Take the 2-minute tour ×
Stack Overflow is a question and answer site for professional and enthusiast programmers. It's 100% free, no registration required.

Running basic java programs from commands line is a 3 steps process:

  1. Write code:

    public class HelloWorld { public static void main(String[] args) { System.out.println("Hello, World"); } }

  2. Compile by javac HellWorld.java which would check for errors & generate HelloWorld.class file.

  3. run code by giving the class name --> java HelloWorld

Now, I am curious to know why:

java HelloWorld works but when we give fullpath of the classfile, it throws an error

$ java HelloWorld.class 
Error: Could not find or load main class HelloWorld.class

What does it make a difference if we give just the classname Vs classname with file-extension?

share|improve this question
    
java looks for the class HelloWorld. when you give HelloWorld.class it looks for the class 'HelloWorld.class" –  Senthil Kumar Aug 12 '12 at 7:48
add comment

3 Answers

up vote 5 down vote accepted

What does it make a difference if we give just the classname Vs classname with file-extension?

The argument you give to the java binary isn't meant to be a filename. It's meant to be a class name. So in particular, if you're trying to start a class called Baz in package foo.bar you would run:

java foo.bar.Baz

So similarly, if you try to run java HelloWorld.class it's as if you're trying to run a class called class in a package HelloWorld, which is incorrect.

Basically, you shouldn't view the argument as a filename - you should view it as a fully-qualified class name. Heck there may not even be a simple Baz.class file on the file system - it may be hidden away within a jar file.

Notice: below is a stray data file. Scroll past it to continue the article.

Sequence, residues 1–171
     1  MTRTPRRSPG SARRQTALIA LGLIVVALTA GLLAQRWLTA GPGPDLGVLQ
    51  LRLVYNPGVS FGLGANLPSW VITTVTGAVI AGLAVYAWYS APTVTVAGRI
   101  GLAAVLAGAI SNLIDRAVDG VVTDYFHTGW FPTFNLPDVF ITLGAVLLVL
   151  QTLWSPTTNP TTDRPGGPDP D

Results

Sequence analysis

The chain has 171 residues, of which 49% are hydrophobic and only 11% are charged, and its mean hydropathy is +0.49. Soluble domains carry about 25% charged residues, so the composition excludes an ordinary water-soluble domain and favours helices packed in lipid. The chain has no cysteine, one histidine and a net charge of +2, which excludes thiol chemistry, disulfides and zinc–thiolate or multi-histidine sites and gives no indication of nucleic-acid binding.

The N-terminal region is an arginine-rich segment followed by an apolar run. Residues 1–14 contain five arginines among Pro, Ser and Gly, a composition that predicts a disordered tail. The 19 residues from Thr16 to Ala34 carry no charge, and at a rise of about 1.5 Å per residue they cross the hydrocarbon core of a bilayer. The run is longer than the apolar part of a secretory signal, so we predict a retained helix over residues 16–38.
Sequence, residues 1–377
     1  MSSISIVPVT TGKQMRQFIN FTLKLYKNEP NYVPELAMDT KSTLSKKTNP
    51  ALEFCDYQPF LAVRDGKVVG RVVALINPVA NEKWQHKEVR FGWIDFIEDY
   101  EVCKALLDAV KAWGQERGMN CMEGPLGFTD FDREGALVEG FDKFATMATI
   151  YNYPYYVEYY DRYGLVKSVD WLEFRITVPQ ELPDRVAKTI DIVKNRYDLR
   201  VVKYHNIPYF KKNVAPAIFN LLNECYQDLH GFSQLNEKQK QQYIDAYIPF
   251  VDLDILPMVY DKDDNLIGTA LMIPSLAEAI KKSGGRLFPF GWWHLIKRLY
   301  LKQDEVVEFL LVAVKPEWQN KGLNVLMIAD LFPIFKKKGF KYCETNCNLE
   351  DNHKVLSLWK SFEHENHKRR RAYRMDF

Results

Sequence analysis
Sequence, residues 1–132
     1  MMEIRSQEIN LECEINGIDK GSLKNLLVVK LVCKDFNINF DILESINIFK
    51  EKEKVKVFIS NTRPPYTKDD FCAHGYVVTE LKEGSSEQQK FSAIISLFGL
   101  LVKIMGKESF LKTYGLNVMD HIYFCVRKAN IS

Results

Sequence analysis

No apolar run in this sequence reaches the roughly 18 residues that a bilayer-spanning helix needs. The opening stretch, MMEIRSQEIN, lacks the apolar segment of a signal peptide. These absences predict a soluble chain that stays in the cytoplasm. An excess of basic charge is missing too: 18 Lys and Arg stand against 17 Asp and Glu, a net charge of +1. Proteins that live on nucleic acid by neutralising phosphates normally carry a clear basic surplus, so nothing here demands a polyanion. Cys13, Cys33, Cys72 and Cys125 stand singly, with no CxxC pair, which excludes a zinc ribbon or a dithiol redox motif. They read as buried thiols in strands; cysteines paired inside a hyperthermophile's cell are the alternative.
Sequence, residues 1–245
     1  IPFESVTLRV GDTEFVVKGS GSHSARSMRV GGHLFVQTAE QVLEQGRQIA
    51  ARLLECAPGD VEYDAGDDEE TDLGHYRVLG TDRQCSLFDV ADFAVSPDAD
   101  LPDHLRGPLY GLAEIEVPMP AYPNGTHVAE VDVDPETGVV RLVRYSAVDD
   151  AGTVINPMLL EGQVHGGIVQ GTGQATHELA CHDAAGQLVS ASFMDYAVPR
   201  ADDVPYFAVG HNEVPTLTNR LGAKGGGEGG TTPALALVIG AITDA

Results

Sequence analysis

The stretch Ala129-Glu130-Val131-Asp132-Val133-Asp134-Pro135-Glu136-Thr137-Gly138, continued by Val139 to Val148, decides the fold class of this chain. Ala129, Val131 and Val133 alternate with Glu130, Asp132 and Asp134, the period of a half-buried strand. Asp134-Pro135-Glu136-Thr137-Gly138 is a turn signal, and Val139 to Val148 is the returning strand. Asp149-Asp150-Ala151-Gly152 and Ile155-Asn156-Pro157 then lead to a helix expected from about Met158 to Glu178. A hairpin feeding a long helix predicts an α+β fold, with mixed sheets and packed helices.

share|improve this answer
2  
OMG! I commented on a question for which Jon Skeet answered! Jon Skeet and I in same page at same time! Pinch me! –  Senthil Kumar Aug 12 '12 at 7:51
add comment

What does it make a difference if we give just the classname Vs classname with file-extension?

It is because that is the way it is. Sun / Oracle have implemented the java command to work that way since Java 1.0, and changing it would be massively disruptive.

As Jon says, the argument to the command is a fully qualified class name, not a filename. In fact, it is quite possible that a file with the name HelloWorld.class does not exist. It could be a member of a JAR file ... or in some circumstances, just about anything.

share|improve this answer
    
that was helpful, Thanks for taking time to answer :) –  Gaurish Sharma Aug 12 '12 at 8:02
add comment

In the Java programming language, source files (.java files) are compiled into (virtual) machine-readable class files which have a .class extension

share|improve this answer
add comment

Your Answer

 
discard

By posting your answer, you agree to the privacy policy and terms of service.

Not the answer you're looking for? Browse other questions tagged or ask your own question.